Amish made hardwood

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 Post subject: DIY pics
PostPosted: Wed Nov 08, 2006 3:10 pm 
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Here are the pics from the floor I just did. 3.5" birch planks from a sawmill close to here and Satin Bona Traffic. Just ignore the ugly fireplace and the lack of paint and trim.

Two of the following pics were taken wet. Also, I want to thank any of you that answered my questions and helped me out. It definitely wouldn't have turned out this nice without you. The worst part about this is that it actually turned out nicer than the floor I had professionally installed (same wood, same finish).

Image
Image
Image


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 Post subject:
PostPosted: Wed Nov 08, 2006 3:37 pm 
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Location: Antioch, CA. 94509
Looks absolutely fabulous! Did you use the U-sand to sand it? If so, it did a terrific job. Slow, I know, but the results were worth it, don't you think?


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 Post subject:
PostPosted: Wed Nov 08, 2006 4:13 pm 
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Yep, I used the U-sand. It did do a very good job, but it literally took about 12 hours of sanding. I started at 3pm on friday, stopped once for a snack, and finished sanding at 3am on Saturday. I rode around on top of it for awhile to give it some extra cutting power, I'd probably still be sanding if I hadn't added the extra weight to it.


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PostPosted: Thu Nov 09, 2006 8:50 am 
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How did you apply? Tbar, or roller?


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PostPosted: Thu Nov 09, 2006 9:33 am 
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T-bar.


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 Post subject:
PostPosted: Thu Nov 09, 2006 7:44 pm 
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Location: Austin
Looks great.

Makes you not want to put it into use, doesn't it!!!

_________________
When you want it done WRIGHT
www.AustinFloorguy.com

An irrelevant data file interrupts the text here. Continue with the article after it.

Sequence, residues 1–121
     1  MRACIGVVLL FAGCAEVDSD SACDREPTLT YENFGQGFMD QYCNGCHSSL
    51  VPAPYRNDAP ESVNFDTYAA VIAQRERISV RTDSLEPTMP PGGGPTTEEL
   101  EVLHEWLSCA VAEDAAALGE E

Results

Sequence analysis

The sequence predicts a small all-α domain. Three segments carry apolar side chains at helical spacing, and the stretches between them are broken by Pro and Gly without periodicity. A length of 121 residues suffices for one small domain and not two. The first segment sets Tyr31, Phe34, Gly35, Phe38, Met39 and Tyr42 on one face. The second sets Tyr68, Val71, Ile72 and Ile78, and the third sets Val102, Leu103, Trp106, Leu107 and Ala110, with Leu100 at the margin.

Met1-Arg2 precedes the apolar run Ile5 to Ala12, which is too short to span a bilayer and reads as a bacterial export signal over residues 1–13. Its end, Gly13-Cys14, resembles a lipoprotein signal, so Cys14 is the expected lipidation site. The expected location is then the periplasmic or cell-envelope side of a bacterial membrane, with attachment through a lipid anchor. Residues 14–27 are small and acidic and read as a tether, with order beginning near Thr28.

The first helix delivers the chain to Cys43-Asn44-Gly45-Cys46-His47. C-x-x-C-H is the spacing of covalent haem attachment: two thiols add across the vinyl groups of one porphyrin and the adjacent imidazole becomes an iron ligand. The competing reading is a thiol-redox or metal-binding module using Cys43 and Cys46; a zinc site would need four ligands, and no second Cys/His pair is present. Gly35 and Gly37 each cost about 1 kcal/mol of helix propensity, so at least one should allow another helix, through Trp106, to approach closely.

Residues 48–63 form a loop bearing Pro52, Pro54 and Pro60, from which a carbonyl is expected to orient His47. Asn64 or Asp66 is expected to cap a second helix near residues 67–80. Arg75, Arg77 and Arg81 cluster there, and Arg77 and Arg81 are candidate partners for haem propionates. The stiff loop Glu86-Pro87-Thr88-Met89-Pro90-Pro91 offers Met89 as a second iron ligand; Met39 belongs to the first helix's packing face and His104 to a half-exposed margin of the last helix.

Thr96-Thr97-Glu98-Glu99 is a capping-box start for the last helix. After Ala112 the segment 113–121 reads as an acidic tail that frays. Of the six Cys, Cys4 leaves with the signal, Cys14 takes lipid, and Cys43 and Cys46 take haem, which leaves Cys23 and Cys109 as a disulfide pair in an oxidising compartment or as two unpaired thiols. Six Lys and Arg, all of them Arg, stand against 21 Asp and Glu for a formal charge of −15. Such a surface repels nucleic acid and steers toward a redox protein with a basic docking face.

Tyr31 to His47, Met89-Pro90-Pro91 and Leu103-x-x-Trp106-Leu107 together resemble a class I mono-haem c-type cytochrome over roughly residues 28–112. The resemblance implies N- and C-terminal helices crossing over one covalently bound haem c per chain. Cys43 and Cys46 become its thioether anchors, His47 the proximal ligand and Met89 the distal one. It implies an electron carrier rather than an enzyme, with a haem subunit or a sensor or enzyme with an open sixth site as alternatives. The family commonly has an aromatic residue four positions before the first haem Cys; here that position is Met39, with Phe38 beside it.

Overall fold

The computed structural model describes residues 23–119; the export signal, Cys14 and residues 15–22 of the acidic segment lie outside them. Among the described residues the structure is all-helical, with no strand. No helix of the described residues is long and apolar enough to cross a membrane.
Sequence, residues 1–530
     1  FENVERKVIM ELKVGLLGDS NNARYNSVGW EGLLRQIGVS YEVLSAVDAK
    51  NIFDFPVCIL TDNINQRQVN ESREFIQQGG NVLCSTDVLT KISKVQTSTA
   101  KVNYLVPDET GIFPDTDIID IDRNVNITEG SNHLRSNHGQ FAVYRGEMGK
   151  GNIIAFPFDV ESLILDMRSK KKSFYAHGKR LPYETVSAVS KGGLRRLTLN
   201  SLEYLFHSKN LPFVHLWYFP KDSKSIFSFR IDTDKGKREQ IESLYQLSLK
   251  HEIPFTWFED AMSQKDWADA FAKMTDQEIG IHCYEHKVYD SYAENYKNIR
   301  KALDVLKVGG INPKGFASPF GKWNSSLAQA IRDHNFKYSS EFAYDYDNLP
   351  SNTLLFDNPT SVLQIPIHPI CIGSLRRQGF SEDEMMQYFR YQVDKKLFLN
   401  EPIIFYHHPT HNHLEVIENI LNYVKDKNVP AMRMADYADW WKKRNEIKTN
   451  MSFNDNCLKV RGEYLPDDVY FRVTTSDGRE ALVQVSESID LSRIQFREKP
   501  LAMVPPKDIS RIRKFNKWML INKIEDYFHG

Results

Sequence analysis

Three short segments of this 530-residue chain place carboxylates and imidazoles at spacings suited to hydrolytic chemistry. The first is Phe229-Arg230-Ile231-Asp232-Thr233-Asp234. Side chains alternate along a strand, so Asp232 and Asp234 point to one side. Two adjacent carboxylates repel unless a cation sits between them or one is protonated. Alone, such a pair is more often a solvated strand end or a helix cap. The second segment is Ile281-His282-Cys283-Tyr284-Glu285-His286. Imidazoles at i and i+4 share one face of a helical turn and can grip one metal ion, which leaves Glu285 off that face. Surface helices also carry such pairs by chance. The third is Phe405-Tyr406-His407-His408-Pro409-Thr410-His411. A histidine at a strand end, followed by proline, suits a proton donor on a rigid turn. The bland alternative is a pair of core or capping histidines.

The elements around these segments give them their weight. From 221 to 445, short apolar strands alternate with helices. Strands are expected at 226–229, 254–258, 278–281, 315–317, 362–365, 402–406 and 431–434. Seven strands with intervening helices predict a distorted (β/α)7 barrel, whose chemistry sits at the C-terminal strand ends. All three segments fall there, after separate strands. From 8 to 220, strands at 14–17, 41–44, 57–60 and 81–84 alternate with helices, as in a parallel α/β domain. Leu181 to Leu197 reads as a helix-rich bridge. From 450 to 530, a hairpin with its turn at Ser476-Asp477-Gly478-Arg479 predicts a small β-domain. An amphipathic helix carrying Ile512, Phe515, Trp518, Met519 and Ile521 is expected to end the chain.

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 Post subject:
PostPosted: Fri Nov 10, 2006 4:15 am 
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That is a very, very nice job. Beautiful :D


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 Post subject:
PostPosted: Fri Nov 10, 2006 7:59 am 
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How easy was the tbar to use? I'm doing mine soon, and will either use a roller or a tbar. How many sq ft was this? I was also planning on using a usand, but I'll have probably 1200 sq ft to do.

Ron


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PostPosted: Fri Nov 10, 2006 2:25 pm 
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It was easy. You just have to make sure you maintain a wet edge and angle the t-bar so you are "snowplowing" the finish in the direction you are working in so you don't get streaks. I also noticed that when you pour the finish onto floor, that is spreads out quite a bit more if the floor has already been coated, so when you put the t-bar down, you have to put it down about 6-8 inches behind the puddle, or you'll get a thick spot.

Each coat took me about 15 minutes or so. Just don't rush it and take care not to get any drips or puddles. Make sure you have good light so you can get down on your hands and knees to see if you missing any spots or applied it too thick in some places. On my first coat, I had a couple of puddles, and I sanded them down using 150 grit. Take your time if you need to do this or the finish could ball up and separate from the floor. The final coat went on perfect because I took a bit more care when I put it down.


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 Post subject:
PostPosted: Fri Nov 10, 2006 2:57 pm 
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Thanks for answering my questions, now I have another couple. What size tbar did you use, and any special pad you used?

What size room was it?

How fast did it dry? I've got 2 rooms connected through a doorway that shouldn't be a problem, but then it connects to a hallway, that splits, and goes into two more rooms. I'm worried about the edge drying as I move between the rooms, but if it is pretty quick I guess it won't matter. Otherwise I'd have to find a good spot to tape it off and do in two sections.

Ron


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